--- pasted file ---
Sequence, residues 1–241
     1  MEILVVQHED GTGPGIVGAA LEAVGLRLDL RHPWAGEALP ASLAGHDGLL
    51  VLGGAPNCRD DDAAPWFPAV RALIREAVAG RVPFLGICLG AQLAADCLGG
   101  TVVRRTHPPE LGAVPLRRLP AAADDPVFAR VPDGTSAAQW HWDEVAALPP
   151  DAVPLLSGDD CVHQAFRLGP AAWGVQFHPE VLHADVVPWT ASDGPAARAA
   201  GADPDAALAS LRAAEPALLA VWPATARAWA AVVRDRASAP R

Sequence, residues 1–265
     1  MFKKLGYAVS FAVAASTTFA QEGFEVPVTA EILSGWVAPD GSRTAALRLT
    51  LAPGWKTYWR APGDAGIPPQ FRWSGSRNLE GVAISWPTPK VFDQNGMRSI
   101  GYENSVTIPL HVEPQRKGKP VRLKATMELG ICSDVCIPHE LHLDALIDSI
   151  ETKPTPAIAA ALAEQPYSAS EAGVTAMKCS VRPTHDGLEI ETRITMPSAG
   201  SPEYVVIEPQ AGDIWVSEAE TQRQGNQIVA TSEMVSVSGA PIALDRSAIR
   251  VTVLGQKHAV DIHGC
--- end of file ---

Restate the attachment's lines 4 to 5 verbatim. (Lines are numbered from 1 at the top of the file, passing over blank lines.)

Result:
   101  TVVRRTHPPE LGAVPLRRLP AAADDPVFAR VPDGTSAAQW HWDEVAALPP
   151  DAVPLLSGDD CVHQAFRLGP AAWGVQFHPE VLHADVVPWT ASDGPAARAA